Last month, I posted about two of Kitty Barne's children's titles, Family Footlights (1939), and its sequel, Visitors from London (1940). That was my first post about Barne since three years earlier, when I had written about Musical Honours (1947) during some obsessive reading of fiction from the immediate postwar years. I liked all three of those books, but none of them can hold a candle to these two gems.
From the first time I wrote about Barne, readers had been recommending She Shall Have Music, but other things kept getting in the way, and it's not the easiest book in the world to get one's hands on. The cheapest copy on Abe Books at the moment is $21 in "good" condition but minus dustjacket. Not so bad, but the price increases rapidly for better condition copies. This despite the fact that there have been multiple editions (according to my copy, it was reprinted eight times 1939-1962), so presumably a fair number of copies are out there. But if not many of them are for sale, that suggests that once people own and read this book, they decide they're never letting it go.
Fortunately, if rather inexplicably, I recently discovered that the book is available for downloading from archive.org (see here). I don't think it should be, as I can't see how it would be public domain anywhere, and the "Digital Library of India" that posted it have hundreds of other titles posted which can't be public domain either (though be warned a few have quality issues). When it comes to reading a hard-to-find Kitty Barne book which no publisher has been savvy enough to reprint in decades, however, I found my ethical quandaries not impossible to overcome...
As She Shall Have Music opens, the Forrest family is arriving back in England after having lived for an unspecified time in Ireland. The family is comprised of mother, eleven-year-old twins Ralph and Judy, ten-year-old Meg, and eight-year-old Karen, as well as their Irish housekeeper Biddy. They've taken a house for seven years in an unspecified urban area not far from London (can't be London, as trips are made to London, but I don't recall and couldn't find any further clues).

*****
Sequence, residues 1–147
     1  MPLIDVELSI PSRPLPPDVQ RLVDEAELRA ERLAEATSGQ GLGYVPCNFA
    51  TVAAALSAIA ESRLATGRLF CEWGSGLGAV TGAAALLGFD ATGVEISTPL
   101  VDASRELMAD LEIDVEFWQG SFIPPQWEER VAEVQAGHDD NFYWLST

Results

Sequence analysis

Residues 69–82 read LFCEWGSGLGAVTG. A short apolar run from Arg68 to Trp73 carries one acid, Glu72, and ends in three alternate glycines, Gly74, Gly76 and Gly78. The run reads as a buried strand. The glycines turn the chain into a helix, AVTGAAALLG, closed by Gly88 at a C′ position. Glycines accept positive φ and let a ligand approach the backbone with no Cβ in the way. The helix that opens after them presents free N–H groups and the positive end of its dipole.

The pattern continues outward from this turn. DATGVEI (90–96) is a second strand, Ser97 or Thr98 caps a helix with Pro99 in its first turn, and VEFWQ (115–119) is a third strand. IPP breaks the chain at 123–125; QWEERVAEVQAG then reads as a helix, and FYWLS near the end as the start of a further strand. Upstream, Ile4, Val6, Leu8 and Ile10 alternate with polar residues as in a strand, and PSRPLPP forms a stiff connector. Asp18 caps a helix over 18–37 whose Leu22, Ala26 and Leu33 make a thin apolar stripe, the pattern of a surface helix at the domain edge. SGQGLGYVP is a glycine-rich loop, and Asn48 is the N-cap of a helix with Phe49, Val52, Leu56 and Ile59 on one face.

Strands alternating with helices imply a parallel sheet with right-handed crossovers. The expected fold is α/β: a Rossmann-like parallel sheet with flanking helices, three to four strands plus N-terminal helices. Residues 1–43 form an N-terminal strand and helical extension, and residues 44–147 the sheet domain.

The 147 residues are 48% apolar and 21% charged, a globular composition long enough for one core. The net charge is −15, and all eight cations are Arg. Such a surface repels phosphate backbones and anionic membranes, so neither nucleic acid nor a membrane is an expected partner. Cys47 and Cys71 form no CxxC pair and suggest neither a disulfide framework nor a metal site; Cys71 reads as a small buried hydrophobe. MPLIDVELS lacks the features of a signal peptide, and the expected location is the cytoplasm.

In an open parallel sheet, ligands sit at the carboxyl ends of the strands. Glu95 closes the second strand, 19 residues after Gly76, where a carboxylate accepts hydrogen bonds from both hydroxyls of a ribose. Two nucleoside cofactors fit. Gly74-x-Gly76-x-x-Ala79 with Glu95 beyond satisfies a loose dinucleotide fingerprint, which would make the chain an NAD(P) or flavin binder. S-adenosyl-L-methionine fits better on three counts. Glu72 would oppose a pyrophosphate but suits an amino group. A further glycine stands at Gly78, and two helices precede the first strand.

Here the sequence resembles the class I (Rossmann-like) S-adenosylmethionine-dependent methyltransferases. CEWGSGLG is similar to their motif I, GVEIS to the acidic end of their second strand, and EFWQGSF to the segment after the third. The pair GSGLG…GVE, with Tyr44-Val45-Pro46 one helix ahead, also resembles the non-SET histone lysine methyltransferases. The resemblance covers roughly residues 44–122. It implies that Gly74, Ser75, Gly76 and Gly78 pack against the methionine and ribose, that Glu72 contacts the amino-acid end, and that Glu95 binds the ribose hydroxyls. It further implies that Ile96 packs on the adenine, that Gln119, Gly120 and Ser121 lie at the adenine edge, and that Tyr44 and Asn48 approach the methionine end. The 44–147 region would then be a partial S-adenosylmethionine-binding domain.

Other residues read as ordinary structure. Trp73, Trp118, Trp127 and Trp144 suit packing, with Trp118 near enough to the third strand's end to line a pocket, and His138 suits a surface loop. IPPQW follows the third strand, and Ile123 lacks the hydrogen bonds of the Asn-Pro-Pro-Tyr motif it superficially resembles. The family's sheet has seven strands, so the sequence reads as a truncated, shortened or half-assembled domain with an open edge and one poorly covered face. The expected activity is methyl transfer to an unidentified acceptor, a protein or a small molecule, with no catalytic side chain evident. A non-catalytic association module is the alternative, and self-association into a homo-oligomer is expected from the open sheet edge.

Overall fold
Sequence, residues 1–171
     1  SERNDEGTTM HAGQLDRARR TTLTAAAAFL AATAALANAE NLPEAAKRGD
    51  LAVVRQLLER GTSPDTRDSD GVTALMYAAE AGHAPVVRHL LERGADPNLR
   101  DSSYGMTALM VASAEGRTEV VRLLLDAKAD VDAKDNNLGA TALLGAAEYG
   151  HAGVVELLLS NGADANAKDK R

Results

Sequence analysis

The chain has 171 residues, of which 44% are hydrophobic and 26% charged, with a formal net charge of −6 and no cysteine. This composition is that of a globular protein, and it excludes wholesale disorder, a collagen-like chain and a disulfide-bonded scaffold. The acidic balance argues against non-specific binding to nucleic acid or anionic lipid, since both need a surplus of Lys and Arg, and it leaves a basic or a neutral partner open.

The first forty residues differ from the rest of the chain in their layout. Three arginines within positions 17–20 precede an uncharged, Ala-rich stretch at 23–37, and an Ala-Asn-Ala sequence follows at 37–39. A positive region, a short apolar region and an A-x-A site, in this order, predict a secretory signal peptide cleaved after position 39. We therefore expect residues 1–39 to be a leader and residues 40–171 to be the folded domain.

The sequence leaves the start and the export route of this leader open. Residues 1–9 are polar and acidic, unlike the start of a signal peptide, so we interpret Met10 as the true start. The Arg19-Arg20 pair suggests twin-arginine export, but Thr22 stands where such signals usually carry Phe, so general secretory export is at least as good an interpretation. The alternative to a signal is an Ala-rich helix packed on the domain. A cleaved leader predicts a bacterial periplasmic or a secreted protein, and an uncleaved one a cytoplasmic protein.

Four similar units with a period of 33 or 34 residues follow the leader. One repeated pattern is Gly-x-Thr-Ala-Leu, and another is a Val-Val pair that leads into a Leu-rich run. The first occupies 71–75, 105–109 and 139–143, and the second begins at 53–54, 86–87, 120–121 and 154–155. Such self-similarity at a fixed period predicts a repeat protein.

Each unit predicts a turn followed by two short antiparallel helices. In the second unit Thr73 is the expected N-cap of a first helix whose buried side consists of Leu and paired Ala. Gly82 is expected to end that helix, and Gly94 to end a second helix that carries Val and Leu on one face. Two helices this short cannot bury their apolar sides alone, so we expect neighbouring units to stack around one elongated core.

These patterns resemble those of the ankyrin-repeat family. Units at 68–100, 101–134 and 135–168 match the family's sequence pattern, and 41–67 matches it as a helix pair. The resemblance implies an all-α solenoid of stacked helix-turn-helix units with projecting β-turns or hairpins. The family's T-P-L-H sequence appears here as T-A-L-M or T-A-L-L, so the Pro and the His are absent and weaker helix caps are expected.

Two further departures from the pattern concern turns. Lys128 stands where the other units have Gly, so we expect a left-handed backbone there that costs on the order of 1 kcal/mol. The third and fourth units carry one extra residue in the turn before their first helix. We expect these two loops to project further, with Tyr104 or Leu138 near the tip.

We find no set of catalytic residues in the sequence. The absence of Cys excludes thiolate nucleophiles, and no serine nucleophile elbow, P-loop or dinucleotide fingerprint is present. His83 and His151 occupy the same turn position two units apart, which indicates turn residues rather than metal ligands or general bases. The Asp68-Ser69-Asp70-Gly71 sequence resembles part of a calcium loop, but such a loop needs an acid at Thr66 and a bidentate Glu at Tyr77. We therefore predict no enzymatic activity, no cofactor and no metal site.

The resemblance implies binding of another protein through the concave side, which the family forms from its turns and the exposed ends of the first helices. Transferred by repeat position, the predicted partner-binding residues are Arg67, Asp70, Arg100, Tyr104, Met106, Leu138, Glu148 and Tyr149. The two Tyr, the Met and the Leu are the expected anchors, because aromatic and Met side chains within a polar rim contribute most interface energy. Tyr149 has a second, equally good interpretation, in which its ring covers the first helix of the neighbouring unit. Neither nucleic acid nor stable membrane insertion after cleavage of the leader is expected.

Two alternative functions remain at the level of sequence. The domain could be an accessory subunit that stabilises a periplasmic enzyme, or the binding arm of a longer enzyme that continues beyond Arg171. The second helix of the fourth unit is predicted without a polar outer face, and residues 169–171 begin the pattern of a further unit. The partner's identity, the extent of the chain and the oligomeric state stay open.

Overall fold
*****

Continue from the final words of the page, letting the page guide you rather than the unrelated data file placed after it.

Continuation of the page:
The book focuses primarily on young Karen, already teased by her family for often humming along to music in her head, inspired by things like the rhythm of the train or other noises no one else recognizes as music. An illness soon after the family's arrival in England results in Karen staying for a time with a previously unknown aunt, who begins to teach her the piano. She immediately discovers a passion for the piano, and is fortunate in coming across an array of other teachers who contribute to her growth as a musician.
If this sounds rather mundane, or rather like a career story, think again, because Barne is somehow able to lend her story the forward momentum of a thriller, all the while making Karen's education, complete with setbacks and triumphs, engrossing even to a reader with no musical ability and little specific interest in music. The book is no more only for musically inclined readers than detective novels are for those who encounter corpses everywhere they turn. It's a book about growing up, finding oneself, and learning from and appreciating whatever mentors come to help us on our way.
I mentioned previously Barne's tendency to be a bit vague in some of the details of her books. Some of that does come through here as well. For example, it's unclear, as far as I can recall, why the family has come to England in the first place, or for that matter where the heck their father is—if any reference is made to him at all, I can't recall it. The family is also randomly lent a vicarage in Somerset for the summer, complete with a garden and a tennis court, by "someone". If anyone knows this Someone person, please put me in touch with them!
But apart from these small details, which aren't likely to bother most readers very much, She Shall Have Music is actually by far the most realistic of the Barne children's books I've read so far, and perhaps not coincidentally it's also by far the best. Also not coincidental is the fact that it's based on Barne's own personal experiences. She studied piano at the Royal College of Music and expected to be a professional musician until a surgery on her ear went wrong and caused sufficient deafness to sabotage her plans. Thus, she was to some extent reliving her own experiences in writing about Karen, which may explain why the book is so impassioned and vivid and real. I felt that I was really feeling what Karen felt, and understood what it means to be a musician, even though I'm utterly tone deaf. I also particularly related to her experience of her family's bewilderment at her interests and abilities.